If your warts aren't causing discomfort, you may not need treatment. But if your symptoms include itching, burning and pain, or if visible warts are causing emotional distress, your doctor can help you clear an outbreak with medications or surgery. However, the lesions are likely to come back after treatment. There is no treatment for the virus itself.
Genital wart treatments that can be applied directly to your skin include:
Imiquimod (Aldara, Zyclara). This cream appears to boost your immune system's ability to fight genital warts. Avoid sexual contact while the cream is on your skin. It may weaken condoms and diaphragms and may irritate your partner's skin.
One possible side effect is redness of the skin. Other side effects may include blisters, body aches or pain, cough, rashes, and fatigue.
Podophyllin and podofilox (Condylox). Podophyllin is a plant-based resin that destroys genital wart tissue. Your doctor must apply this solution. Podofilox contains the same active compound, but can be safely applied by you at home.
Your doctor may want to administer the first application of podofilox, and will recommend precautionary steps to prevent the medication from irritating surrounding skin. Never apply podofilox internally. Additionally, this medication isn't recommended for use during pregnancy. Side effects can include mild skin irritation, sores or pain.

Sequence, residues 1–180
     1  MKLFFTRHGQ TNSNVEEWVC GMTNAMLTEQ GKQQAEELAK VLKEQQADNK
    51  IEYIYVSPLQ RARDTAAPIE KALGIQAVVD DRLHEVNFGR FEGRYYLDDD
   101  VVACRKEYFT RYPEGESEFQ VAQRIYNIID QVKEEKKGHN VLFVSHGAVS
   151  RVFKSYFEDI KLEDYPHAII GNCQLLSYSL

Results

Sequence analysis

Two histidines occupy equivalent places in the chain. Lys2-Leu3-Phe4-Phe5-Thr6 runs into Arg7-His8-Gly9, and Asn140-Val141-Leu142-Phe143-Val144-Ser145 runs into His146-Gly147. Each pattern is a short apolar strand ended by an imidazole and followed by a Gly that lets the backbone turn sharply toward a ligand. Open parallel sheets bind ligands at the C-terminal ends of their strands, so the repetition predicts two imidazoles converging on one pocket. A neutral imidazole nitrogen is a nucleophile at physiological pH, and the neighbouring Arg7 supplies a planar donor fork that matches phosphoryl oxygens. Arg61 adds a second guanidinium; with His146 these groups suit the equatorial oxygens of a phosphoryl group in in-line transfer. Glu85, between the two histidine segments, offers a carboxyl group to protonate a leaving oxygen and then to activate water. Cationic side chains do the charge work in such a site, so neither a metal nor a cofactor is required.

- Trichloroacetic acid (TCA). This chemical treatment burns off genital warts, and can be used for internal warts. Side effects can include mild skin irritation, sores or pain.
- Sinecatechins (Veregen). This cream is used for treatment of external genital warts and warts in or around the anal canal. Side effects are often mild and may include reddening of the skin, itching or burning, and pain.
Don't try to treat genital warts with over-the-counter wart removers. These medications aren't intended for use in the moist tissues of the genital area. Using over-the-counter medications for this purpose can cause even more pain and irritation.
You may need surgery to remove larger warts, warts that don't respond to medications or — if you're pregnant — warts that your baby may be exposed to during delivery. Surgical options include:
- Freezing with liquid nitrogen (cryotherapy). Freezing works by causing a blister to form around your wart. As your skin heals, the lesions slough off, allowing new skin to appear. You may need repeated cryotherapy treatments. The main side effects include pain and swelling.
- Electrocautery. This procedure uses an electrical current to burn off warts. You may have some pain and swelling after the procedure.
- Surgical excision. Your doctor may use special tools to cut off warts. You'll need local or general anesthesia for this treatment, and you may have some pain afterward.
- Laser treatments. This approach, which uses an intense beam of light, can be expensive and is usually reserved for very extensive and tough-to-treat warts. Side effects can include scarring and pain.